Bensalem is first Philly-area town to sue drugmakers for fueling opioid epidemic

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Bensalem plans to sue pharmaceutical manufacturers in hopes of recouping tens of millions of dollars spent fighting and opioid epidemic that officials believe was fueled by greedy drug companies.

Township officials said they looked forward to becoming the first jurisdiction in the Philadelphia region to join a small but growing list of states, counties and towns across the country that are seeking to slow the epidemic by forcing drug companies to pay.

“My frustration time is past what we can do,” Mayor Joe DiGirolamo said in an interview before a scheduled news conference to announce the civil suit, adding that the township paid “incredible costs” fighting the epidemic.

“Do you know what it’s like when he calls me at 10 at night,” DiGirolamo said, referring to his director of public safety, “and says, ‘Mayor we had two overdoses today, one of them fatal.’”

Overdoses in the township have risen 556 percent in a decade, officials said.

The suit, like others filed by Chicago, two California counties, scattered municipalities, and, in May, by the state of Ohio, names four pharmaceutical manufacturers and related entities. By far, the best known is Purdue Pharma, which began marketing extended release OxyContin in the mid-1990s and whose executives have pleaded guilty to charges related to misleading physicians about the drug’s benefits and potential for addiction.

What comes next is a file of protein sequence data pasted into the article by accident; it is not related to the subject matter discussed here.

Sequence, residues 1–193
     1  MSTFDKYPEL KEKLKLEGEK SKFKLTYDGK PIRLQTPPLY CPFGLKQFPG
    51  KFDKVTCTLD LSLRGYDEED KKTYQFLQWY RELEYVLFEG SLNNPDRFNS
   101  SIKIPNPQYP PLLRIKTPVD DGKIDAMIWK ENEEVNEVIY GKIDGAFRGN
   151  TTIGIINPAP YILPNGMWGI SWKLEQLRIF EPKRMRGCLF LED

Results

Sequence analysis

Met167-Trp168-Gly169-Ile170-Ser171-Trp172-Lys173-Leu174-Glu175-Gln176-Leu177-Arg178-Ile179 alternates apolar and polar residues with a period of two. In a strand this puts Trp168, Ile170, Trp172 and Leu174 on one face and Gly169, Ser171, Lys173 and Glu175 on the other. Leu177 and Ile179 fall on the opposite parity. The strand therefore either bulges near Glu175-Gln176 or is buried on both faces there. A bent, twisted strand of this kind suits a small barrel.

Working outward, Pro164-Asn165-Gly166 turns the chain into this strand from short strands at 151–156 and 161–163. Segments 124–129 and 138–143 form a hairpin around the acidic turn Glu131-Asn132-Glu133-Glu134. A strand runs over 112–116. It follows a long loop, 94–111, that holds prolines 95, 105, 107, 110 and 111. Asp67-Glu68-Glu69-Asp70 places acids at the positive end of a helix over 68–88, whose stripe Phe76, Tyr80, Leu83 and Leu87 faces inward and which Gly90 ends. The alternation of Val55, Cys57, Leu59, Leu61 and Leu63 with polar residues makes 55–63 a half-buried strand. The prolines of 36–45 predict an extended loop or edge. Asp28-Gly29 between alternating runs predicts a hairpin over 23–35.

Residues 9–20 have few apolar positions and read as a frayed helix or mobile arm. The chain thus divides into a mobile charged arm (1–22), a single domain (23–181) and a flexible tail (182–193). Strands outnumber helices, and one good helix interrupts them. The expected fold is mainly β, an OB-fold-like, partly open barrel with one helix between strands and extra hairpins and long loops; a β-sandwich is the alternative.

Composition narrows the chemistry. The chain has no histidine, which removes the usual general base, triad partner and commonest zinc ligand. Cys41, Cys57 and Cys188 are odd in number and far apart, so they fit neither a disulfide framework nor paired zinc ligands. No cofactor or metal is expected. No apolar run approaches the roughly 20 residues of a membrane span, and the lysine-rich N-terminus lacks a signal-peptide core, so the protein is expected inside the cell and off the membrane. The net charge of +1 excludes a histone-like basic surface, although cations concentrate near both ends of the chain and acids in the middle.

The other three manufacturers are located in the Philadelphia region: Johnson & Johnson’s Janssen Pharmaceuticals, based in Titusville, N.J., which marketed Nucynta; Teva Pharmaceuticals, which owns Cephalon, the maker of the fentanyl “lollipop” Actiq; and Endo Pharmaceuticals, whose opioid Opana ER was recently pulled by the Food and Drug Administration.

The suits — and others targeting national distributors such as Philadelphia-based McKesson Corp. — are part of a growing movement to force pharmaceutical companies to change their practices and also reimburse localities for expenses such as police activity related to addiction, especially heroin.

Research shows that most new heroin users report having started on prescription painkillers, usually with a prescription from a physician.

“I believe that 75 to 80 percent of all of the crime that we prosecute here in Bucks County is driven or fueled by alcohol or drug use or addiction,” District Attorney Matt Weintraub said in an interview. They include DUI and possession cases as well as stealing, prostitution, and burglarizing, he said. ” While not involved with the township’s action, Weintraub said he supported it.

“It seems to me that while the drug companies seem to be interested in profit and loss, we’re battling life and death and the drug companies are at least in part responsible for enabling so many people to become addicted to these opiates, and therefore they should bear some responsibility for helping us get out of this scourge,” Weintraub said.

The Bensalem suit is expected to be filed in state court within several weeks.

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